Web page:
– Used to automate existing functionality already coded in
C++
• Blueprint class (often shortened to blueprint)
– Created inside Unreal Editor visually (e.g., contrast to
typing code in VS)
– Define new class or Actor can be placed into maps as
instances that behave like any other type of Actor.
• Thus, scripting that can be extended by game
programmer
UE4 Blueprint Example
Player presses “dash” and if character can jump, launch character
based on character’s current velocity with an upward (z) velocity.
Created in Blueprint Editor
Blueprint Types (1 of 2)
• Two types of blueprints – level and class
• Level blueprint – one per level
– Reference and manipulate Actors within level
– Control cinematics (using Matinee Actors)
– Manage level-related resources (e.g., checkpoints)
– Interact with blueprint classes in level (e.g.,
reading/setting variables, triggering events)
• Blueprint class (next slide)
Blueprint Types (2 of 2)
• Blueprint class – interactive assets (e.g., doors, switches,
destructible scenery)
– Contain necessary scripts to respond to player interactions
(collisions)
– (e.g., make them animate, change materials, play sound effects)
– Broadly, these are “game objects”
•
•
•
•
Prefabs (scripts to pre-fabricate game world)
Pawns (e.g., player characters)
HUD (heads-up display, such as a status bar)
As a sub-set, a “data-only” blueprint contains only node
graphs and variables from parent.
– Cannot add new attributes.
– Allows tweaking of attributes
Blueprints Compared to C++
•
•
•
•
•
•
•
•
Blueprints
Blueprint Asset
UBlueprintGeneratedClass
ParentClass
Variable
Graphs/Events
Class Defaults
Components List
•
•
•
•
•
•
•
•
C++
.h/.cpp files
Uclass
: [ClassName]
Uproperty()
Ufunction()
native constructor
native constructor
Examples of Blueprints
1.
Create custom prefab with construction script (good for
artists/designers)
– Executes when Actor placed in editor (not gameplay)
– Useful for custom props (e.g., light fixture that matches material to color, e.g.,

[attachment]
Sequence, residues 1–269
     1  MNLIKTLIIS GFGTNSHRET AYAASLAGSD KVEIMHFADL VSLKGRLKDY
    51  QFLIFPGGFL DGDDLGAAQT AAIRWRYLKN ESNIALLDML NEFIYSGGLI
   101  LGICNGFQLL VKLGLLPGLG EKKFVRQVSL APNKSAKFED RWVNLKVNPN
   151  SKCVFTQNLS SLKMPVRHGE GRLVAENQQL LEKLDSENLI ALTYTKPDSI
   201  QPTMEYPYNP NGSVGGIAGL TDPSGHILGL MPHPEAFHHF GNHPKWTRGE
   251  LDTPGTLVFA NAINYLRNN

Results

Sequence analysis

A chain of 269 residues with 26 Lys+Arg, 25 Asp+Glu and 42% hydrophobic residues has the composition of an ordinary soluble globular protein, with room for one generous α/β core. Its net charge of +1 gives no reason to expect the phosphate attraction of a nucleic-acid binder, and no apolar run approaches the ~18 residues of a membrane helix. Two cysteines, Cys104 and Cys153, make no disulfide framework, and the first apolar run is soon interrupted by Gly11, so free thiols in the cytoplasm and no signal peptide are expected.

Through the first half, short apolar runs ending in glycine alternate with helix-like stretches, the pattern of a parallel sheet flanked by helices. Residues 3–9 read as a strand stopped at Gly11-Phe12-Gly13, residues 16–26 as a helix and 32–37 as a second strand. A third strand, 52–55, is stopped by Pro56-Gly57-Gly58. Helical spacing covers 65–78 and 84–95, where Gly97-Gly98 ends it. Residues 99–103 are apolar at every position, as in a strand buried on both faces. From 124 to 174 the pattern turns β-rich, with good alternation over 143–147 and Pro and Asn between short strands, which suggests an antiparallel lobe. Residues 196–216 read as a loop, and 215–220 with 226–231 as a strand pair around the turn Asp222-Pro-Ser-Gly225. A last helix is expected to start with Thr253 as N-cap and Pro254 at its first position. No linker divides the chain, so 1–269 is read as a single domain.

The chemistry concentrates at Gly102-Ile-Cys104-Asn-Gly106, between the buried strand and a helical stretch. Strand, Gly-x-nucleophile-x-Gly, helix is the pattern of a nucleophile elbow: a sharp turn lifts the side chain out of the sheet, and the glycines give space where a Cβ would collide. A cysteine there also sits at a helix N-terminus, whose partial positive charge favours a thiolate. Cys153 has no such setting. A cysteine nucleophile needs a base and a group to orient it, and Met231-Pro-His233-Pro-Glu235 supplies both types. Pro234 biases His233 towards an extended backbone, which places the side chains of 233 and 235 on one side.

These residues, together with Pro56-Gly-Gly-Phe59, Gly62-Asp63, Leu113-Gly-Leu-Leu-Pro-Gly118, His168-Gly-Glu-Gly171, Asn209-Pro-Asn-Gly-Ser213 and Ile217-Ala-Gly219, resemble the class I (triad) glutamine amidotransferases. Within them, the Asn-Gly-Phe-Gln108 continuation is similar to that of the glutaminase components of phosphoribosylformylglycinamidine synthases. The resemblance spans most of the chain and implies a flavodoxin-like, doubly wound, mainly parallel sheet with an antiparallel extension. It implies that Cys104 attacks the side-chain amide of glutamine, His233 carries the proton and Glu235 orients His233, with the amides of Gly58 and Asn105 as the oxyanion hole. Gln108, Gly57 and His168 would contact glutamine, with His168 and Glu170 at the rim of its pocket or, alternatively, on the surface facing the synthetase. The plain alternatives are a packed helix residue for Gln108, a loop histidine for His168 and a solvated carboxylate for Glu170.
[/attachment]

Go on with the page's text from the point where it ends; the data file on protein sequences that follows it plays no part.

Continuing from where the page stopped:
randomly scatter leaves)
– May be time consuming to create initially, but may save time later
2.
Create playable character
– Manipulate camera behavior, setup input vents (e.g., mouse, keyboard),
create Animation Blueprint
– Character Blueprint has moving, jumping, swimming and falling built-in
• Only need to add input events
3.
Create HUD
– Contains event sequence and variables, but is assigned to GameMode asset
(not level)
– Read from other blueprints then display (e.g., read health and display health
bar)
– Add hit-boxes for buttons
Create 3rd Person Game Using Just
Blueprints
https://wiki.unrealengine.com/Blueprint_3rd_Person_Game_Creation_Tutorial_Playlist
See also, the Blueprint Essentials Tutorial Playlist:
https://wiki.unrealengine.com/Blueprint_Essentials_Tutorial_Playlist
Bit Bucket
But Lua cannot stand alone...
• Why not?
C
Lua
• Accessing Lua from C++
• Accessing C++ from Lua
Connecting Lua and C++
• Lua virtual stack
– bidirectional API/buffer between two
environments
– preserves garbage collection safety
• data wrappers
– UserData – Lua wrapper for C data
– luabind::object – C wrapper for Lua data
C
48
Lua
Lua Virtual Stack
• both C and Lua env’ts
can put items on and
take items off stack
lua-settop
0
• push/pop or direct
indexing
• positive or negative
indices
• current top index
(usually 0)
C
49
Lua
Accessing Lua from C
C
Lua
50
Accessing Lua Global Variables from C
• C tells Lua to push global value onto stack
lua_getglobal(pLua, “foo”);
• C retrieves value from stack
– using appropriate function for expected type
string s = lua_tostring(pLua, 1);
– or can check for type
if ( lua_isnumber(pLua, 1) )
{ int n = (int) lua_tonumber(pLua, 1) } ...
• C clears value from stack
lua_pop(pLua, 1);
51
C
Lua
Accessing Lua Tables from C (w. LuaBind)
• C asks Lua for global values table
luabind::object global_table = globals(pLua);
• C accesses global table using overloaded [ ] syntax
luabind::object tab = global_table[“mytable”];
• C accesses any table using overloaded [ ] syntax and casting
int val = luabind::object_cast<int>(tab[“key”]);
tab[17] = “shazzam”;
C
52
Lua
Calling Lua Functions from C (w. LuaBind)
• C asks Lua for global values table
luabind::object global_table = globals(pLua);
• C accesses global table using overloaded [ ] syntax
luabind::object func = global_table[“myfunc”];
• C calls function using overloaded ( ) syntax
int val =
luabind::object_cast<int>(func(2, “hello”));
C
53
Lua
Accessing C from Lua
C
IMGD 4000 (B 12)
Lua
54
Calling C Function from Lua (w.
LuaBind)
• C “exposes” function to Lua
void MyFunc (int a, int b) { ... }
module(pLua) [
def(“MyFunc”, &MyFunc)
];
• Lua calls function normally in scripts
MyFunc(3, 4);
[ See more details and examples in Buckland, Ch 6.]
55
C
Lua
Descargar

Scripting